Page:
“With last year’s sky-high fertilizer prices, we used only a small amount of dry fertilizer. Instead, we applied poultry litter, which we can get nearby, at 2 tons per acre, and that helped us hold the line on costs. The analysis was almost equivalent to commercial fertilizer, but the extra bulk takes more trips and more man-hours to apply — not to mention the smell and all the flies. But it saved a lot of money for us.”

They use a high wheel Hagie sprayer for chemical applications. “It’s one of the best investments we’ve ever made,” Tyler says. “It’s fast, smooth, and very versatile; with GPS, we can make very precise applications, with no waste.

“We’re just getting into GPS with the sprayer system, and we have new 20/20 Seed Sense planting monitor systems. The combine and cotton picker have AgLeader monitors and Jack has auto-steer on his tractor, so we’re going to start some field mapping in order to better utilize that feature.

“Everything about farming is getting so expensive, we’ve got to do everything we can to optimize yields,” says Tyler, who was recipient of the Mississippi Farm Bureau Young Farmer and Rancher Achievement Award for Region 6.

Joe and Jack’s father came to Mississippi from Ohio in the early 1960s and started farming in the area.

“I was three years old at the time,” says Joe, “so all I’ve ever known is South. There were six of us kids and we all came up in farming. Dad was in dairying for a long time. Thank heaven, he got out of that in 1975. I hope I never milk another cow as long as I live.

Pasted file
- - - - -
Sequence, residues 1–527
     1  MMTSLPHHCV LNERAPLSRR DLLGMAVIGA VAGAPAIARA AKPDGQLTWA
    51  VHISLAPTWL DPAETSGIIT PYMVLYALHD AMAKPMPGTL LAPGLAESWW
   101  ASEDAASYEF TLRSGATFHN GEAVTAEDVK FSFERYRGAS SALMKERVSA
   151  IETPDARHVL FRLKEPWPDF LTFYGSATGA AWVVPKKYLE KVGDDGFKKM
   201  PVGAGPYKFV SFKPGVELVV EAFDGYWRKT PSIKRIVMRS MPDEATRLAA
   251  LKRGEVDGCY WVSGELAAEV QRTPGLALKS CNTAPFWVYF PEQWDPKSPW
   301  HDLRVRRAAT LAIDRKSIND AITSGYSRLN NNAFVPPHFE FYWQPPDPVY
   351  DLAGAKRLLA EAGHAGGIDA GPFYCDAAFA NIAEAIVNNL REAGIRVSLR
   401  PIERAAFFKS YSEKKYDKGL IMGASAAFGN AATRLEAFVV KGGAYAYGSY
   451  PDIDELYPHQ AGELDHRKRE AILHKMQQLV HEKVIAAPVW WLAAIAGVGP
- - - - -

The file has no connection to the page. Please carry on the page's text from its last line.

“We’ve been through some sure enough tough times. We went broke in the ’80s, when agriculture was on the ropes, going through its ‘restructuring,’ and it was cotton that pulled us out and got us going again.

“Cotton’s going through a rough spell now, but I think we’ll see it come back. As long as there’s a cotton infrastructure in place, it will be our mainstay crop.”

e-mail: [email protected]

About the Author(s)

Hembree Brandon

Editorial director, Farm Press

Hembree Brandon, editorial director, grew up in Mississippi and worked in public relations and edited weekly newspapers before joining Farm Press in 1973. He has served in various editorial positions with the Farm Press publications, in addition to writing about political, legislative, environmental, and regulatory issues.